When I met these chaps I was like… this is it! Solomun knows me by name now. I got to sleep on Stimming’s couch – people I idolized and drew inspiration from. They now see me as an equal. That week changed my mind. They even had Seth Troxler play at ‘Ego’ on the weekend and he heard our new song at the time ‘Change’. He loved it – Seth Troxler (bats man…… freaking bats man!). I was humbled.
I chatted to Dani (Daniel Kyo) not so long ago; he’s pleased with the results of your collaboration with him. What did you work on?
I initially was hoping to release a Dance track with Dani; but he was like… yeah dude I have a Hip Hop’ish vibe track I would like you to check out. I was like ok. The minute I heard the track, I thought about all the cities I’d visited and what I’d seen and what they all had in common – from Brussels, Hamburg to Johannesburg. I’m also very happy with the outcome.
How do you envisage a perfect fusion of electronic music with Slam Poetry?
My approach right now is for my lyrics or my poems to be more than just a dribble of words that enhance the track and make it commercially viable [not that it’s a bad thing]. A perfect amalgamation however [for me] is when the track and the lyrics complement each other not just musically but in meaning. It all has to flow.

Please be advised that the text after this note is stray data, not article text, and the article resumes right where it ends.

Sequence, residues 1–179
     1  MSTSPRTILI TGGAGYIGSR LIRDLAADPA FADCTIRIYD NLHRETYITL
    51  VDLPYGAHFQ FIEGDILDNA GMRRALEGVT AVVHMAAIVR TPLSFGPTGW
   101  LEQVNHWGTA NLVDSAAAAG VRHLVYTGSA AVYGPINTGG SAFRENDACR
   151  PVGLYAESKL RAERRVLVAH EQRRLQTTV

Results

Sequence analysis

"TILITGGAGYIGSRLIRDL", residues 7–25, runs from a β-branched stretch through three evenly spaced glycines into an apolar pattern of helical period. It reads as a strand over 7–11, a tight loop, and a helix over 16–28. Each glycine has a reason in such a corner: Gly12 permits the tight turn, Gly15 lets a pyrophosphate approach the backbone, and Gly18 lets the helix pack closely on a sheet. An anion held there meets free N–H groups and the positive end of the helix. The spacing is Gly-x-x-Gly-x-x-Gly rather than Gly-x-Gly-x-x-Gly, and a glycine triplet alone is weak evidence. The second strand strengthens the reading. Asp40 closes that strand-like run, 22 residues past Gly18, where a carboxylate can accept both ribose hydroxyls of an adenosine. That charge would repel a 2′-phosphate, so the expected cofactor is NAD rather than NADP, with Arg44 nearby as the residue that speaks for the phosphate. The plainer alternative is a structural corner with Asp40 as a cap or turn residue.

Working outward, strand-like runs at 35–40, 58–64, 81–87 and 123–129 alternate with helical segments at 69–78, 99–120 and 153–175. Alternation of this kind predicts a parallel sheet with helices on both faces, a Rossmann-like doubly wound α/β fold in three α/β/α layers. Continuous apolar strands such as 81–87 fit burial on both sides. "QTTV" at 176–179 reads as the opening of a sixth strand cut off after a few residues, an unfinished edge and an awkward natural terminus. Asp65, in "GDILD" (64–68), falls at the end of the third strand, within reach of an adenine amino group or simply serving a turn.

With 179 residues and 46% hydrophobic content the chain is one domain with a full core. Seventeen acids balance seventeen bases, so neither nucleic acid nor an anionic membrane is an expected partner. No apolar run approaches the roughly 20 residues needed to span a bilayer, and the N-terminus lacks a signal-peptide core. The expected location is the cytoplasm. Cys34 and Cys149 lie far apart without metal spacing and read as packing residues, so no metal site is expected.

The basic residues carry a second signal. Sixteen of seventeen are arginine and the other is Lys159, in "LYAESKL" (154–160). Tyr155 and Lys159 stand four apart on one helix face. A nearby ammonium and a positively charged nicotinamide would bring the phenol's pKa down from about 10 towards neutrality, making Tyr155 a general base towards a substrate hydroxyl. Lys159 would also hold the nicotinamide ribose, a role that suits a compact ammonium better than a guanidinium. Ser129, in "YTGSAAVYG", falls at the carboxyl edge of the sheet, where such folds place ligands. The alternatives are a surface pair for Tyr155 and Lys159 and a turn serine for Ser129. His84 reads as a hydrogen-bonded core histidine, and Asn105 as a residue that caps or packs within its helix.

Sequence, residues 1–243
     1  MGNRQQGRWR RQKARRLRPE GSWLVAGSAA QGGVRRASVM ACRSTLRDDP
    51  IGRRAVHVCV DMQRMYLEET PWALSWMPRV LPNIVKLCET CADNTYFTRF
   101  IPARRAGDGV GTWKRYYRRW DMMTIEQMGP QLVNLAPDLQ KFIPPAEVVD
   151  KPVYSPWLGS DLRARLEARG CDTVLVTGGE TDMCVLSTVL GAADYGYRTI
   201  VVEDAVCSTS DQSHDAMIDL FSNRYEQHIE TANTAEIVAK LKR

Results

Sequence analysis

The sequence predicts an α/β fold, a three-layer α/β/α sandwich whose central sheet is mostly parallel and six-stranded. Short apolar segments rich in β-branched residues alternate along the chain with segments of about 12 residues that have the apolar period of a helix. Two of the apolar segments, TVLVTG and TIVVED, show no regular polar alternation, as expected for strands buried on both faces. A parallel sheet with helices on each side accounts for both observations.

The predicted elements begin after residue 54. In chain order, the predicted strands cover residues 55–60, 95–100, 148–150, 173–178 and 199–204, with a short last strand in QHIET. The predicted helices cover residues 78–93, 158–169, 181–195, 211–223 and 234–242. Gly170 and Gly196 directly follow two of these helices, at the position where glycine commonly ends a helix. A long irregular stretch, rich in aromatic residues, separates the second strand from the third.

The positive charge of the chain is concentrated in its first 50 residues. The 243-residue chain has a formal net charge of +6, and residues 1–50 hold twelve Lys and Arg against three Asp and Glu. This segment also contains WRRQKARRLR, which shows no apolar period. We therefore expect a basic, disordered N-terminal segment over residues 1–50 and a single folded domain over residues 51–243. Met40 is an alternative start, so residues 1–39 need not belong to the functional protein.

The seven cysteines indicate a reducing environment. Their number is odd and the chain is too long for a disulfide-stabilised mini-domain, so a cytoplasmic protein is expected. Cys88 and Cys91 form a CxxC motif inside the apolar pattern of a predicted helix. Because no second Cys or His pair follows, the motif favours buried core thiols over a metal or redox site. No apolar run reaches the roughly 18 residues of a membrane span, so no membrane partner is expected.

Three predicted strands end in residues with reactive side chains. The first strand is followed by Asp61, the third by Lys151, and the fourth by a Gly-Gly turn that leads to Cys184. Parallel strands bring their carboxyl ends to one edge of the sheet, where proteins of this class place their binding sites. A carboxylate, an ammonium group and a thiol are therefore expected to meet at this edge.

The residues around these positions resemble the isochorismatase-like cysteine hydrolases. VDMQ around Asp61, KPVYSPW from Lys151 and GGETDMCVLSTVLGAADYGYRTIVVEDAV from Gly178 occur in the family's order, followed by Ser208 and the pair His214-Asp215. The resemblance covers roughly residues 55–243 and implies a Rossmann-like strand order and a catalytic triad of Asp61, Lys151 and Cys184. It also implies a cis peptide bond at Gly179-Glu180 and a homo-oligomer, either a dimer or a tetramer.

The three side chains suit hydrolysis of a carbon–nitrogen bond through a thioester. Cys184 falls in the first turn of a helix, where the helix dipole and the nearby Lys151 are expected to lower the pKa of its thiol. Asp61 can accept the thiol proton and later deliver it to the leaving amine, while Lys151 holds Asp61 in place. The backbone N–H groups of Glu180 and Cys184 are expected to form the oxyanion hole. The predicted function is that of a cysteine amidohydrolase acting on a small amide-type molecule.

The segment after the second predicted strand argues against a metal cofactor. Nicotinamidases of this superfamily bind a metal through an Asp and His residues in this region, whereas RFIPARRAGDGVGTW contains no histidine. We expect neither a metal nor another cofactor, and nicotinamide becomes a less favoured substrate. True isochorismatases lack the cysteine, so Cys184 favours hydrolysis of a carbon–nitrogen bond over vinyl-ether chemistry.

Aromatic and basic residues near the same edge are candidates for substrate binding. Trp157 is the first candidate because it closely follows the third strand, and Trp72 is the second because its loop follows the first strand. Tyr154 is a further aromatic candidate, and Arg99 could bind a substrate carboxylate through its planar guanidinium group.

In the future I hope to see people recognizing the lyrics even without the music. That’s what I’m trying to do; that is the fusion I’m striving for and it’s working so far. I get people asking for the lyrics. I hope to see more of this and not just dance, shake move your body type lyrics. A track that you’ll rewind or play it again just to hear your favourite line – I want people do to that.
Have you been performing SA lately?
Honestly, I haven’t been performing lately as I have had other priorities for most of this year. I did however win the prestigious T.W.O.P slam earlier this year which was amazing because the competition was so tough. I have been doing a few shows for my sponsor Supremebeing clothing alongside the likes of some great local DJ’s Whitey D’vine, Nick Essential, and Robbi Sloan. So for now people will catch me at ‘Supremebeing’ parties and functions.
Where to from here, musically and personally?
I’d like to release an album in a year or two. I just need to find the time and work on it. That’s a dream and a personal goal mine and I’m confident I’ll fulfil it. There are a few SA acts I’d really like to work with, Black Coffee and Jullian Gomez. I’m hoping to drop something with them. I’m also working on an EP that hopefully should be out later this year. I’m excited about that.
All the tracks will be my own original works. I have a few more releases due this year, with Tigerskin on ‘Get Physical’, something with the Cosmic Cowboys and Aki Bergen later this year too. It’s been a good year thus far.